@every <duration>

Time zones

This feature only applies in Temporal 1.15 and up

You can change the time zone that a Cron Schedule is interpreted in by prefixing the specification with CRON_TZ=America/New_York (or your desired time zone from tz). CRON_TZ=America/New_York 15 8 * * * therefore spawns a Workflow Execution every day at 8:15 AM New York time, subject to caveats listed below.

Consider that using time zones in production introduces a surprising amount of complexity and failure modes! If at all possible, we recommend specifying Cron Schedules in UTC (the default).

If you need to use time zones, here are a few edge cases to keep in mind:

  • Beware Daylight Saving Time: If a Temporal Cron Job is scheduled around the time when daylight saving time (DST) begins or ends (for example, 30 2 * * *), it might run zero, one, or two times in a day! The Cron library that we use does not do any special handling of DST transitions. Avoid schedules that include times that fall within DST transition periods.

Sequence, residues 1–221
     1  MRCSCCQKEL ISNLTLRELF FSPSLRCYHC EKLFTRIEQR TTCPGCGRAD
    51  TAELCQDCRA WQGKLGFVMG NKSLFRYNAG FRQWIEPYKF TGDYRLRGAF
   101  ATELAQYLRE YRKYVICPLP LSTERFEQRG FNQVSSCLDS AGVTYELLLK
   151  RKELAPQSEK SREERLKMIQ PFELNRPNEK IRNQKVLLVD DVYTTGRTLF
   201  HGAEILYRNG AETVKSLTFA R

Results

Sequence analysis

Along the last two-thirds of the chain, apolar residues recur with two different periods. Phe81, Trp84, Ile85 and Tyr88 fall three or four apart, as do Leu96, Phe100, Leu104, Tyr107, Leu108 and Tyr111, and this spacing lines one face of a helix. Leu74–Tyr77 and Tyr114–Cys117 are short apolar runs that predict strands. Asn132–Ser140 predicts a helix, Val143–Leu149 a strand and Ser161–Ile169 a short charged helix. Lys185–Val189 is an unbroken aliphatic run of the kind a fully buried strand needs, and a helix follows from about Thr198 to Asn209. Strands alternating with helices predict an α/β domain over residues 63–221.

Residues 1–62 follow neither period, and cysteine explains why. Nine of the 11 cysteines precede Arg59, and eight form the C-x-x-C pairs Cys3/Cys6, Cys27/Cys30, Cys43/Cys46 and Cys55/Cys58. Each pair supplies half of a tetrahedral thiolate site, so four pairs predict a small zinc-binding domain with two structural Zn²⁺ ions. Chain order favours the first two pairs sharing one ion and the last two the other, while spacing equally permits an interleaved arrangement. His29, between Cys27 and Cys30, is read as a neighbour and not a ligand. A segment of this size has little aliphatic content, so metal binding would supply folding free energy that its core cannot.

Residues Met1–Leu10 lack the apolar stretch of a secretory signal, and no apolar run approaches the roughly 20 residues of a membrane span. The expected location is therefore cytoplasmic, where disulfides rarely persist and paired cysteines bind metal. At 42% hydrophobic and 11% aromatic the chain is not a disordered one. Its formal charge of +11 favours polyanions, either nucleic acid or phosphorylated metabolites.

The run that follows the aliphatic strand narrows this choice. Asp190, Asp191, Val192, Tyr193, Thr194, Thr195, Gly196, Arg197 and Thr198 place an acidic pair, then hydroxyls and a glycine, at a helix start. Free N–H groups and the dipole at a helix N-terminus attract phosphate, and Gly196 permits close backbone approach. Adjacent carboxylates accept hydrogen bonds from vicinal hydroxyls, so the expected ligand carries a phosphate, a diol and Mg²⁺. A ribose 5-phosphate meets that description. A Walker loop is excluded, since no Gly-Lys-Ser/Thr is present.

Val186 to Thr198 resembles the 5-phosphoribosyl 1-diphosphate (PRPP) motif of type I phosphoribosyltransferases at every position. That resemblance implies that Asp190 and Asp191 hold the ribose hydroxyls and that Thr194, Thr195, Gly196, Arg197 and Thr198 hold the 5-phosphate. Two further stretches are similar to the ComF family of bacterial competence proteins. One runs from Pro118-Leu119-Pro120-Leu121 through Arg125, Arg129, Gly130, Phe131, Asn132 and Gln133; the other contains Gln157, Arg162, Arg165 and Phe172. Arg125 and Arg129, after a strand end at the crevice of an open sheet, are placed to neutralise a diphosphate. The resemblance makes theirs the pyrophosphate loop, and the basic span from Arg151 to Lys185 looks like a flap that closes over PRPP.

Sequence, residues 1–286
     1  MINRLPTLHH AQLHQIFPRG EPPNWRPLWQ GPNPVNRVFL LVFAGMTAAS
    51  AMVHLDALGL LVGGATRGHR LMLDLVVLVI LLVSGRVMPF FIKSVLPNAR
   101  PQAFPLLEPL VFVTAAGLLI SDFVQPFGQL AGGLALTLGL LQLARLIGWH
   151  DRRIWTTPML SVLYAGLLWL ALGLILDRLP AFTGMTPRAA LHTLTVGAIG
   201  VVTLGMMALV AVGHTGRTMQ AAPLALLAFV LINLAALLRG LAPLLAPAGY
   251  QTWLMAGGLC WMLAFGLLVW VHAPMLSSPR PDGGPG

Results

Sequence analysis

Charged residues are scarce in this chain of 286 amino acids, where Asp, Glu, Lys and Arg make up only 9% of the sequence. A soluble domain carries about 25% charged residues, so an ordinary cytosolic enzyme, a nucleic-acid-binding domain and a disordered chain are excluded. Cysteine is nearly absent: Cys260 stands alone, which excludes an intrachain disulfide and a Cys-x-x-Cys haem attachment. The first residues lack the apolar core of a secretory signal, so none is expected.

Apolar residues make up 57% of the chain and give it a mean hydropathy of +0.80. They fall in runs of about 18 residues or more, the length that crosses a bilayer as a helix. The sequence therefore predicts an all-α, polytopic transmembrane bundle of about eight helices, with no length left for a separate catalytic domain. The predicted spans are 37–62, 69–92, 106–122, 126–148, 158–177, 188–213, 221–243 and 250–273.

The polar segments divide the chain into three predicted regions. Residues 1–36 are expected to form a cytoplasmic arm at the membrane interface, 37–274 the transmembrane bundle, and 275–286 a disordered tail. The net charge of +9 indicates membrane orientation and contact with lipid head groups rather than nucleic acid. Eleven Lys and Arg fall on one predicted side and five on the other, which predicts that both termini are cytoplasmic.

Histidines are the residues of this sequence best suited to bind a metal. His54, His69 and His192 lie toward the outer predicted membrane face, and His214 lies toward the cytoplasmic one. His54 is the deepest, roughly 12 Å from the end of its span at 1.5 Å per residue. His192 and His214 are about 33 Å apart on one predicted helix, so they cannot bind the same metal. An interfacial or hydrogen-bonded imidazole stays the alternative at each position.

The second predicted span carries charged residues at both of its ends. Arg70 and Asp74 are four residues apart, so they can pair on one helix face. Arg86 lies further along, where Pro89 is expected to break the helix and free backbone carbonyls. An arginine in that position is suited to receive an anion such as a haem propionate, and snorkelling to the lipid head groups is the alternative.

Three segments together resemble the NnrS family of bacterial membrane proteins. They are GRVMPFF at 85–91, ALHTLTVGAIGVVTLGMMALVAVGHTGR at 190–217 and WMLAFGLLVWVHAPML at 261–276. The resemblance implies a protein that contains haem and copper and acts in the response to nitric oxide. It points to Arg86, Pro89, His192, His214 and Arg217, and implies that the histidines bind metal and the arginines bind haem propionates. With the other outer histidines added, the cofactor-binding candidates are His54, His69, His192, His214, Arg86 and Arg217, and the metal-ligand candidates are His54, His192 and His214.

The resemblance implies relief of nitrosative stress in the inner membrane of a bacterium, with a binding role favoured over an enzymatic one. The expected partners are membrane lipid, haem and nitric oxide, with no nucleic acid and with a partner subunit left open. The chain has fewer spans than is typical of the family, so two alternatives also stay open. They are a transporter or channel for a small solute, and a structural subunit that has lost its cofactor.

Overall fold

• For example, in the US, DST begins at 2 AM. When you "fall back," the clock goes 1:59 … 1:00 … 1:01 … 1:59 … 2:00 … 2:01 AM and any Cron jobs that fall in that 1 AM hour are fired again. The inverse happens when clocks "spring forward" for DST, and Cron jobs that fall in the 2 AM hour are skipped.
    • In other time zones like Chile and Iran, DST "spring forward" is at midnight. 11:59 PM is followed by 1 AM, which means 00:00:00 never happens.
  • Self Hosting note: If you manage your own Temporal Cluster, you are responsible for ensuring that it has access to current tzdata files. The official Docker images are built with tzdata installed (provided by Alpine Linux), but ultimately you should be aware of how tzdata is deployed and updated in your infrastructure.